Plantar fasciitis is very difficult to cure, especially as most of us have to be on our feet a lot. However, as a sports therapist having suffered myself and fully recovered here are my top 5 tips for curing Plantar fasciitis.
What is Plantar fasciitis?
Plantar fasciitis is the most common cause of pain under the heel with over 800 000 people searching online every month. Symptoms develop gradually and are usually worse first thing in the morning.
1. Wear insoles
Wear arch support or orthotic type insoles, or shoes/sandles which have an insole which supports your foot arch. Plantar fasciitis is caused by inflammation and degeneration of the plantar fascia at the point it inserts into your heel. If you foot flattens, the fascia pulls more at the heel making symptoms worse.
Arch support insoles support the arch of your foot, preventing it from flattening and overstretching your painful plantar fascia. However, don’t just wear insoles in your day to day shoes. Wear something ALL the time, from the moment you step out of bed, to the moment you go to bed. Wear arch support sandles inside. If you don’t have arch support insoles then tape your feet and wear comfortable trainers until you get some.
2. Tape your foot
Apply arch support taping to cure Plantar fasciitis also protects and supports your plantar fascia. There are a number of different ways to do this so experiment yourself until you find what works best for you. Basically you apply strips of tape under the arch of your foot. As a result, this prevents your arch flattening and overstretching.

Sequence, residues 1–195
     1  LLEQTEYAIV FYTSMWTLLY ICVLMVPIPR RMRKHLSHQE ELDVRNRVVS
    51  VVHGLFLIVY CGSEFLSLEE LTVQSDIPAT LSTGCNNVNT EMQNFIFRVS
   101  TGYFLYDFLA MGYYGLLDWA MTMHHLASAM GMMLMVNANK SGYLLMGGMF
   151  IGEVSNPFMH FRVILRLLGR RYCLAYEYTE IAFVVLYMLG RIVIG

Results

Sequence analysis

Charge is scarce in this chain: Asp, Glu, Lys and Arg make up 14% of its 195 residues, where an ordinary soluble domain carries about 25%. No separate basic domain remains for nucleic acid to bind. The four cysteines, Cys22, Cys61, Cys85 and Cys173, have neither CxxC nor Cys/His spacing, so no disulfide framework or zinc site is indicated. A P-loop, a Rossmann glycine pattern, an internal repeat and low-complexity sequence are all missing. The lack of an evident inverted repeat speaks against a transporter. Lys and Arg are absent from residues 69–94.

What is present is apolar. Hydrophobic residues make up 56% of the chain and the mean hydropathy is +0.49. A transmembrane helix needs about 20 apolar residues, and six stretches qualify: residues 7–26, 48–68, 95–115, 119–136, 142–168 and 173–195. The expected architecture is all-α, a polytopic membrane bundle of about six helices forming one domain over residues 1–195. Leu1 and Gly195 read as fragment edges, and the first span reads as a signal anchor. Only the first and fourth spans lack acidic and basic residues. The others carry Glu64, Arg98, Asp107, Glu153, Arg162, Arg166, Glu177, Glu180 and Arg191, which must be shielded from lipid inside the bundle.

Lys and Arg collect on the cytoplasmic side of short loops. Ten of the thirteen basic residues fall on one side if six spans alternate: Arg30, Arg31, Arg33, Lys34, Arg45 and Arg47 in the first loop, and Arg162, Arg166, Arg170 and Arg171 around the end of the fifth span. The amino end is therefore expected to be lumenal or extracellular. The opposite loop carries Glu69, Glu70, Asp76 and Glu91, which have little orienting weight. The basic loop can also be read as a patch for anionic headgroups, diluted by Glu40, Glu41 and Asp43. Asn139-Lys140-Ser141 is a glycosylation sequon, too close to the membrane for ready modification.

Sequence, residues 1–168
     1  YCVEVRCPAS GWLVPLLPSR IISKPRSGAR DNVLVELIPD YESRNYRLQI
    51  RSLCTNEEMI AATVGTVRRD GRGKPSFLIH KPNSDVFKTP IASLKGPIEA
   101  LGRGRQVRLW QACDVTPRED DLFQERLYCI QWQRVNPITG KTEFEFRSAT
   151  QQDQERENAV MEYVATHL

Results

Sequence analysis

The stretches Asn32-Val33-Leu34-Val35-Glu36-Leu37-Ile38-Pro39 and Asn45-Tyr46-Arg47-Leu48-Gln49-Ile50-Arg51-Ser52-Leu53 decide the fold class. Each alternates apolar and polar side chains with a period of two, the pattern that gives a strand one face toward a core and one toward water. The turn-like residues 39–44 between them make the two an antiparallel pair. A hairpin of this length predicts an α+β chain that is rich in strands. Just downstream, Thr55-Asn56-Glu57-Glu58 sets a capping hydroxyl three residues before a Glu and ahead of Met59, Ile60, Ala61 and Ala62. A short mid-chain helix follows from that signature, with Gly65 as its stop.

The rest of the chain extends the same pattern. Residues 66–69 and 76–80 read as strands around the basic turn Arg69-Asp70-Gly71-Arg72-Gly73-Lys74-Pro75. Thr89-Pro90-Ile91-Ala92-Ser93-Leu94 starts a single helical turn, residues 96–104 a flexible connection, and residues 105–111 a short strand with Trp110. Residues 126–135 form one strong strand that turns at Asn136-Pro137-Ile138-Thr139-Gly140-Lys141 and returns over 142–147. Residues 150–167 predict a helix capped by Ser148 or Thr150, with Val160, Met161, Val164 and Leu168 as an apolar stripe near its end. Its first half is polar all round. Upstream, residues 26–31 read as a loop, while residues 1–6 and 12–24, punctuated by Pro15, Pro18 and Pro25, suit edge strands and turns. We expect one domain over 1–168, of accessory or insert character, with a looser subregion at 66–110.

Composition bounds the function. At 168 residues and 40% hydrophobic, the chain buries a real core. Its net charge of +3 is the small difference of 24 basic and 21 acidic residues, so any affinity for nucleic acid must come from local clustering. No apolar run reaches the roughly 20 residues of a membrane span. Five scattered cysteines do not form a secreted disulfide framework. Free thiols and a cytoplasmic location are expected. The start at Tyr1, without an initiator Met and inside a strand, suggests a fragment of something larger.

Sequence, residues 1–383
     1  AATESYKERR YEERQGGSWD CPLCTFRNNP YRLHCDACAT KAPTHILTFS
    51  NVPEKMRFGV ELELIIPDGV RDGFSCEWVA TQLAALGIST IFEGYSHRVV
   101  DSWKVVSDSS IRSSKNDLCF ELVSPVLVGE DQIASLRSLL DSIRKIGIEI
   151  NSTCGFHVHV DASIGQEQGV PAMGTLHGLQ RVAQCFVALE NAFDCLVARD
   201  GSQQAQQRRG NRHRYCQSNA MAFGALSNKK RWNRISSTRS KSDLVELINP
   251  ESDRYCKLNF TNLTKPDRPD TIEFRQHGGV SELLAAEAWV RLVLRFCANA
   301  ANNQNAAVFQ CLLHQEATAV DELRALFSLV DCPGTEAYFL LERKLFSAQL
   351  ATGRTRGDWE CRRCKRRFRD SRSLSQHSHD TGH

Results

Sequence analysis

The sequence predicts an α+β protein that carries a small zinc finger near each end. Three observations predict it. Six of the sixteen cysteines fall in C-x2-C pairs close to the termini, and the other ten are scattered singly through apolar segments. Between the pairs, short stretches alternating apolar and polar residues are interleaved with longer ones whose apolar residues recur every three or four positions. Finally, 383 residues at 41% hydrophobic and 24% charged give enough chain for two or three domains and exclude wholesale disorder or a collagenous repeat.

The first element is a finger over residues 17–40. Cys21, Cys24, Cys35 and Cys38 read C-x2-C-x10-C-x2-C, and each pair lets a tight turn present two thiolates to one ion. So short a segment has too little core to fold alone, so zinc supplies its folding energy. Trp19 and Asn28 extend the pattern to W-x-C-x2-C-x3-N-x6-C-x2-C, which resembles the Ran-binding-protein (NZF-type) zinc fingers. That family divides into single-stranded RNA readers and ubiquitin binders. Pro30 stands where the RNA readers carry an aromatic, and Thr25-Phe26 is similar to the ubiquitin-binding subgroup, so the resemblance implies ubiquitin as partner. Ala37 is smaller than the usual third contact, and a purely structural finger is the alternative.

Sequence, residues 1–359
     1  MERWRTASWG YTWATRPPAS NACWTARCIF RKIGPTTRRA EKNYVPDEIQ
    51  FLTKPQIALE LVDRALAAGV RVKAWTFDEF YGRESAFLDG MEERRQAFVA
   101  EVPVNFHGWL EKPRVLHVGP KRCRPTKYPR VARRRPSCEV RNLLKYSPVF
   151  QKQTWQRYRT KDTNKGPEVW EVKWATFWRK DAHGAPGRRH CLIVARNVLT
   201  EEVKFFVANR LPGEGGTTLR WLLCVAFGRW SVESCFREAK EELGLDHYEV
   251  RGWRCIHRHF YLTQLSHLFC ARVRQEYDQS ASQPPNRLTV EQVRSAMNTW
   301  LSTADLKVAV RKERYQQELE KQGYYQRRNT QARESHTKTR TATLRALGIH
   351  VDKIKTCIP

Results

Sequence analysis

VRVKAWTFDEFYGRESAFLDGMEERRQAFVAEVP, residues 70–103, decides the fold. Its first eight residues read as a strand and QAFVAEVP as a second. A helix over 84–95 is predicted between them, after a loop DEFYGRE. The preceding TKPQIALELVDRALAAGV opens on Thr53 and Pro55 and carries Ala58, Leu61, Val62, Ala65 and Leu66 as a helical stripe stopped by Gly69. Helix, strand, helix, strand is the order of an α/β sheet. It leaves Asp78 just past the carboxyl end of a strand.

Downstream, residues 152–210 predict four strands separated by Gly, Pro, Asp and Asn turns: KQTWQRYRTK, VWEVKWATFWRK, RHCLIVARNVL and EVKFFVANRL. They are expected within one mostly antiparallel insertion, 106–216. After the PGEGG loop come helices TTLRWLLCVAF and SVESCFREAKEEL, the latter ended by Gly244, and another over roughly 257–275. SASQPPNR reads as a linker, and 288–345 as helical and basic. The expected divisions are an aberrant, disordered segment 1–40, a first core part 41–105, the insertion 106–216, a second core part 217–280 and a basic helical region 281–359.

Taping is one of the most effective ways to relieve pain in the short term. However, after a couple of hours the tape stretches and is less effective. You need to keep re-applying it, especially if you are running or walking longer distances. Use 2.5cm or 3.8cm zinc oxide tape. Or you can use Kinesiology tape also.
3. Foot rolling to cure Plantar fasciitis
Roll your foot over a frozen bottle of water. Cold reduces pain and inflamation whilst pressure from rolling gently massages and stretches your plantar fascia.
Keep a couple of frozen bottles of water in the freezer and roll your foot for 5 to 10 minutes every two hours. Reduce frequency as your symptoms improve.
4. Massage to cure Plantar fasciitis?
Try this simple massage technique which you apply yourself for a few minutes each day. A big cause of plantar fasciiits pain is tension in the fascia. Massage helps release tension.
Take your big toe and bend it upwards into flexion. With your thumb, gently massage the plantar fascia along its length. You should be able to feel the areas which are more sore or tight. Then, bend your big toe even further and repeat the massage. Do this two or three times to release tension.
To cure plantar fasciitis long term you need to stretch so your plantar fascia is not under so much stress. There are a couple of ways of doing this. The first is by stretching the fasica with your hands. A partner or therapist can help do this, or you can do it yourself. Holding the ball of your foot pull your foot upwards and hold for 10 to 15 seconds. You should feel a stretch under the arch of your foot. Don’t worry if you can’t feel it initially, keep holding the stretch and repeat this 2 or 3 times, and repeat this 2 or 3 times per day.
Another great way of stretching the plantar fascia is by using a night splint or sock. These keep your foot in a dorsiflexed position whilst you sleep. As a result, they prevent your fascia tightening up overnight and causing that familiar early morning heel pain.
Make sure you don’t have it too tight. Your foot naturally tightens up overnight. Therefore, you may feel some discomfort wearing a night sock, especially if it is too tight. If this happens, take it off and try again tomorrow. Gradually you will be able to wear it for longer and eventually wake up pain free!